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|Title:||Intraoperative panoramic image using alignment grid, is it accurate?|
|Abstract:||Background: Minimally invasive orthopedic trauma surgery relies heavily on intraoperative fluoroscopic images to evaluate the quality of fracture reduction and fixation. However, fluoroscopic images have a narrow field of view and often cannot visualize the entire long bone axis. Objectives: To compare the coronal femoral alignment between conventional X-rays to that achieved with a new method of acquiring a panoramic intraoperative image. Materials and methods: Twenty-four cadaveric femurs with simple diaphyseal fractures were fixed with an angulated broad DCP to create coronal plane malalignment. An intraoperative alignment grid was used to help stitch different fluoroscopic images together to produce a panoramic image. A conventional X-ray of the entire femur was then performed. The coronal plane angulation in the panoramic images was then compared to the conventional X-rays using a Wilcoxon signed rank test. Results: The mean angle measured from the panoramic view was 173.9° (range 169.3°-178.0°) with median of 173.2°. The mean angle measured from the conventional X-ray was 173.4° (range 167.7°-178.7°) with a median angle of 173.5°. There was no significant difference between both methods of measurement (P = 0.48). Conclusion: Panoramic images produced by stitching fluoroscopic images together with help of an alignment grid demonstrated the same accuracy at evaluating the coronal plane alignment of femur fractures as conventional X-rays. © 2013 Springer-Verlag Berlin Heidelberg.|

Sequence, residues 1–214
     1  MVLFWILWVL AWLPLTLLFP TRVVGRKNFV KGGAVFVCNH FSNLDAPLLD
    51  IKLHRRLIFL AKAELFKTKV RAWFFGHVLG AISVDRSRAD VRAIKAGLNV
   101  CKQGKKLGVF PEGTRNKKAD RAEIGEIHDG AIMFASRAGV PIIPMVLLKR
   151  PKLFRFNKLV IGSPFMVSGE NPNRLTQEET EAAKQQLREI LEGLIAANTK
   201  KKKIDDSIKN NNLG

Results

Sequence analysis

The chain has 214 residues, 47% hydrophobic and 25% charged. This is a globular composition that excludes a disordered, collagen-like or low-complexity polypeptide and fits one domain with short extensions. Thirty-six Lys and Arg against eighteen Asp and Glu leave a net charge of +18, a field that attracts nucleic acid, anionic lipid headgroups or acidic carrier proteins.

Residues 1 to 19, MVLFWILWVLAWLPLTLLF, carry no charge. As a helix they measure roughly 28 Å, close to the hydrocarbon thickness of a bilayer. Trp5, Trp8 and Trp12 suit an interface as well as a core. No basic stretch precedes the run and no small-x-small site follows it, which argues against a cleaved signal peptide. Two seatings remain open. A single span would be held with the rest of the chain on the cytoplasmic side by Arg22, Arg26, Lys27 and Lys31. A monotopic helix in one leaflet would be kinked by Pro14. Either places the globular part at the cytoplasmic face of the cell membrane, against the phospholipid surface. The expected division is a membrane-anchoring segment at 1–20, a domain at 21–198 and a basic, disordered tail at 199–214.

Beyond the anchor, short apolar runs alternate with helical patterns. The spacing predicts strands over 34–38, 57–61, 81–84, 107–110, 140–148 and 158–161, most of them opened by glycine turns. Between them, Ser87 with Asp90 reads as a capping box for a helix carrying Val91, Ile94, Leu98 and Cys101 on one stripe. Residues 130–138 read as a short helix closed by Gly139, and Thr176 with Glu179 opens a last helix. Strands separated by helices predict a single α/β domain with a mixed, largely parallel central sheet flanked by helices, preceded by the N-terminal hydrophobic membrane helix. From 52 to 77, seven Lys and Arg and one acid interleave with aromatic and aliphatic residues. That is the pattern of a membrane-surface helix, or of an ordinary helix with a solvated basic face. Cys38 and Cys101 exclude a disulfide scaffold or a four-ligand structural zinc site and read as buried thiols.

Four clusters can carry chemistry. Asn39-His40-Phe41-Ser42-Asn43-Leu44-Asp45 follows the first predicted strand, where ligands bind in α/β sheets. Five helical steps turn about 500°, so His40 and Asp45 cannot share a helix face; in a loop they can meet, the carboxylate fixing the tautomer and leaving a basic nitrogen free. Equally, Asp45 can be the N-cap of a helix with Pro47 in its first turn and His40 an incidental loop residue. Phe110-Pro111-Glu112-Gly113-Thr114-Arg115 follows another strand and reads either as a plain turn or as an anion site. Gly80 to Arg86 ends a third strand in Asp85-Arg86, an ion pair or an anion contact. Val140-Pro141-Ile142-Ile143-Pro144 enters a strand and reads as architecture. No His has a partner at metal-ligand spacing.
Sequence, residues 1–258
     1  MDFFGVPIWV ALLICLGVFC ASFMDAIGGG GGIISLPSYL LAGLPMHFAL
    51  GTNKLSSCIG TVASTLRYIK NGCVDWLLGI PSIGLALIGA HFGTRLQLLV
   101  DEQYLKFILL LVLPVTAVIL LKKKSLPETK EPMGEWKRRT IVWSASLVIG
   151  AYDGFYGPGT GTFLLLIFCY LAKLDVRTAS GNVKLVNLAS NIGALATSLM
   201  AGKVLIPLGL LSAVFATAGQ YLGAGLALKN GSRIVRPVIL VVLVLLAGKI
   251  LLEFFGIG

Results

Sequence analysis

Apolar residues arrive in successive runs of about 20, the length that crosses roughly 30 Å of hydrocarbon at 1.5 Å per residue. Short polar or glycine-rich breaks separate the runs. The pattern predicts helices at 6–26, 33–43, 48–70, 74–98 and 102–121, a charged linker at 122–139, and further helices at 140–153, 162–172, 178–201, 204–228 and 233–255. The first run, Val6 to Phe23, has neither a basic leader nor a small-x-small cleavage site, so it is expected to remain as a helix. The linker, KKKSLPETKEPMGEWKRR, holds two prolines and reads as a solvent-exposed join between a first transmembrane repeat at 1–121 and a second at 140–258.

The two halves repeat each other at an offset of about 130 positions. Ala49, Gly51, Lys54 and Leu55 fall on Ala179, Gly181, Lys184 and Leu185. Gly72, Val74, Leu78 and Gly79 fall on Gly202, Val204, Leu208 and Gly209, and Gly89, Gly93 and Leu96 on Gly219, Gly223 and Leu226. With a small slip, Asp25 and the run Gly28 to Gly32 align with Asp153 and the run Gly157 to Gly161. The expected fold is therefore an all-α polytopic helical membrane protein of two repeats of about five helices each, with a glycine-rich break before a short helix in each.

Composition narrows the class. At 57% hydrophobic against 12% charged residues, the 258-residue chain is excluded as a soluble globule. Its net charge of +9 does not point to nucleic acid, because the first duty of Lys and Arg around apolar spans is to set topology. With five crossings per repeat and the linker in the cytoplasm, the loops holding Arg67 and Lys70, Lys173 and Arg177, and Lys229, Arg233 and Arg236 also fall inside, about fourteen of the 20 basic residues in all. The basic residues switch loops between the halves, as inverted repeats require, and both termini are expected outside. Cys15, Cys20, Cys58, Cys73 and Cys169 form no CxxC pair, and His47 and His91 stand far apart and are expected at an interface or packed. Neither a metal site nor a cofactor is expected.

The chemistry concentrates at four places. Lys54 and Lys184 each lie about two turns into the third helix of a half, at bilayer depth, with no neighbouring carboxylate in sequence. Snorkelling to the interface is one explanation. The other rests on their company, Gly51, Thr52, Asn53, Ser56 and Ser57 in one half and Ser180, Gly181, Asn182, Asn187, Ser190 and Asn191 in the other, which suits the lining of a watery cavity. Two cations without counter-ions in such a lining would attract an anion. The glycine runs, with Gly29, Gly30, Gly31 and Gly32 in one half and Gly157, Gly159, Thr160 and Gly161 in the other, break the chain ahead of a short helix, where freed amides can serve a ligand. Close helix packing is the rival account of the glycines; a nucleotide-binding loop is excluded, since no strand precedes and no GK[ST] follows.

|Appears in Collections:||CMUL: Journal Articles|
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